Researchers have found that the high price of recombinant clotting factors for patients with hemophilia B is the main cause of the economic burden of the disease in the United States.
However, despite the cost, prophylaxis treatment can provide clinical benefits to patients that may reduce other costs not associated directly to factor replacement therapy.
These findings were reported in an article titled “Economic Burden of Illness among Persons with Hemophilia B from HUGS Vb: Examining the Association of Severity and Treatment Regimens with Costs and Annual Bleed Rates.” It was published at Value in Health, the journal of the International Society for Pharmacoeconomics and Outcomes Research.
Hemophilia B is a rare genetic blood disorder that affects about 4,400 people in the U.S. Although there is no cure for this illness, the use of blood clotting factor replacement therapies can help prevent and stop bleeding episodes, as well as improve secondary symptoms such as pain and joint mobility, and patients’ overall quality of life.
Despite the benefits of this therapeutic strategy, about 5 percent of patients develop antibodies against the artificial clotting factor and stop responding to the treatment. Therefore additional bypass agents and higher doses of the therapy are required to effectively inhibit bleeding episodes.
The Hemophilia Utilization Group Studies Part Vb (HUGSVb) conducted a study to evaluate the annual bleed rate and associated costs among hemophilia B population. They collected clinical and demographic information from 148 patients treated between 2009 and 2014 in 10 hemophilia treatment centers in the U.S.
They found that a patient spends on average a total of $85,852 per year to treat mild-to-moderate hemophilia B, and $198,733 in severe cases. Administration of clotting factors accounted for 85 percent of the cost associated with this disease, while other indirect costs such as lost wages and unemployment accounted for just 9 percent of total costs.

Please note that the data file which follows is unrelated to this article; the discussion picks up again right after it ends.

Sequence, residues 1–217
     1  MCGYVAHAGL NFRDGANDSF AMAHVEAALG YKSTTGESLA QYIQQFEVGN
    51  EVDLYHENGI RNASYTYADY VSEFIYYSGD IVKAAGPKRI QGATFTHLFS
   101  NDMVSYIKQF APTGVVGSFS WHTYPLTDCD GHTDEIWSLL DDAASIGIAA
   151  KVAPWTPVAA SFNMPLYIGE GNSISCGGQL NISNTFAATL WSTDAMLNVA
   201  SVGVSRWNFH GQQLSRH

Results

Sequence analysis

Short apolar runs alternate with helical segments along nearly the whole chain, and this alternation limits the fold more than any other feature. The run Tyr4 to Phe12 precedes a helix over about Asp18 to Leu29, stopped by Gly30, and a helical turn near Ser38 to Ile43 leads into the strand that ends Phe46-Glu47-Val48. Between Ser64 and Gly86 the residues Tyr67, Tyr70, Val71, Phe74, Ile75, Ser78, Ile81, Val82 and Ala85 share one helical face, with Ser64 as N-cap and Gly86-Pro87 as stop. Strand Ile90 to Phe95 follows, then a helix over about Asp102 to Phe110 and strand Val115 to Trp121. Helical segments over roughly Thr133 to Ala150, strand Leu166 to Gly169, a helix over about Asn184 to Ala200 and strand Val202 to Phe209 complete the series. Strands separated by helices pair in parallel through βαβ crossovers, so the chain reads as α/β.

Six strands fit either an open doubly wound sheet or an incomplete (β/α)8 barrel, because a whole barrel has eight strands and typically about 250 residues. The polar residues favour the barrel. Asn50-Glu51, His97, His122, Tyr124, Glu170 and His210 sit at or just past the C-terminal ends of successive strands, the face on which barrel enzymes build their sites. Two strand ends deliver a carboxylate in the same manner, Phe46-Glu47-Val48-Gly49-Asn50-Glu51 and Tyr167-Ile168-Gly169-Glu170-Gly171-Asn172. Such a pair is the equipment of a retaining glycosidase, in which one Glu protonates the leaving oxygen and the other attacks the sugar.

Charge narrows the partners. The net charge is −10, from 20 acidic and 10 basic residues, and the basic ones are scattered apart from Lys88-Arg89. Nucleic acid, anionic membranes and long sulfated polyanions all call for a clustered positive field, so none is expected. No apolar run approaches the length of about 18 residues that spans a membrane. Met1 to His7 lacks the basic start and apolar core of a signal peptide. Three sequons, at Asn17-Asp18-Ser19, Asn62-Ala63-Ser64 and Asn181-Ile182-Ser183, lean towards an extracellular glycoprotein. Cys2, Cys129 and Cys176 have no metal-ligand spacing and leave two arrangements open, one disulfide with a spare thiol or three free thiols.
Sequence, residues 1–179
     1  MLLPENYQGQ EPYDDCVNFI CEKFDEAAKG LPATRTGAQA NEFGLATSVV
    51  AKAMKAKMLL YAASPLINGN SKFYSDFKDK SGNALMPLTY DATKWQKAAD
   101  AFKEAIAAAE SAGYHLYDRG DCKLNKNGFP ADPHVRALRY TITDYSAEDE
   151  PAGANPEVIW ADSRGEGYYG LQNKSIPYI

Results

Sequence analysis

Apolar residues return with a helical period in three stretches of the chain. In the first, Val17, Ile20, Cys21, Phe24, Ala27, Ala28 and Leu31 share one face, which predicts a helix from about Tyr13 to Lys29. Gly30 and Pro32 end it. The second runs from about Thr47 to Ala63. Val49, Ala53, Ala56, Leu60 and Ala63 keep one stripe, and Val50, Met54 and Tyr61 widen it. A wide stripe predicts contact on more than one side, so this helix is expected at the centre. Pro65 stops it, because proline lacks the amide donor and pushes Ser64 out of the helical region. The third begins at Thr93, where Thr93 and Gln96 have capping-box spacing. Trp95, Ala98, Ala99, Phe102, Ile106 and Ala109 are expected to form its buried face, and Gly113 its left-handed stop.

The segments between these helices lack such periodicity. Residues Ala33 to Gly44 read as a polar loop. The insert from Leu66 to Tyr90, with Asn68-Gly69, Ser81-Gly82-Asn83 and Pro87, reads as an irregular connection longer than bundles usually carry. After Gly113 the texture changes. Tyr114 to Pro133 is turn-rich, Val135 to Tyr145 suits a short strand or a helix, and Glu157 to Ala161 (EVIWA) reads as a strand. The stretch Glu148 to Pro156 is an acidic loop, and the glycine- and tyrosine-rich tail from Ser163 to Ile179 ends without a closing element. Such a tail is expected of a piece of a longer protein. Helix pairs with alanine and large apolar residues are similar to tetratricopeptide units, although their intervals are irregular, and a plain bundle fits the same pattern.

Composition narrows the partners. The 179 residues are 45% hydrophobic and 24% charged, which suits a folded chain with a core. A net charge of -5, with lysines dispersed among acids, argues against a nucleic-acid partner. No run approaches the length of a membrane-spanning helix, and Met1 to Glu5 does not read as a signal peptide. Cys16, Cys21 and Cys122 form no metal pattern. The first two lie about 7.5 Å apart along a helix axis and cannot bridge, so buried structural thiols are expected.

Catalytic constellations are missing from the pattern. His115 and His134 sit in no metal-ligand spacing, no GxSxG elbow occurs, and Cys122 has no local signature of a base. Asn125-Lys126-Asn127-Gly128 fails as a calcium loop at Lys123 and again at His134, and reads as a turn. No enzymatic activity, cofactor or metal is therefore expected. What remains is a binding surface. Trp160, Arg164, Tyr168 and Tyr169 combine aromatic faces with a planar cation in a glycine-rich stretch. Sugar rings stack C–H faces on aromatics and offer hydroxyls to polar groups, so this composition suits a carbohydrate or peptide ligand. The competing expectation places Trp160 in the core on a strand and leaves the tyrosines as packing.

Prophylactic treatment was found to be associated with 2.5 times higher clotting factor cost than episodic treatment regimen. Also prophylaxis was found to require additional visits to clinical centers, and support from clinical teams and caregivers. However, patients receiving prophylaxis experienced fewer bleeding episodes per year and lower hospitalizations costs than those undergoing episodic treatment.
“Hemophilia B is associated with high total costs and surprisingly high ABR [annual bleeding rate] in routine clinical practice in the United States,” the authors reported.
Although prophylactic treatment may require more visits to hemophilia treatment centers and work absenteeism, there is evidence of lower hospitalization costs, more full-time employment, and lower ABR suggesting prophylaxis’ potential long-term benefits over episodic treatment for hemophilia B patients, they concluded.
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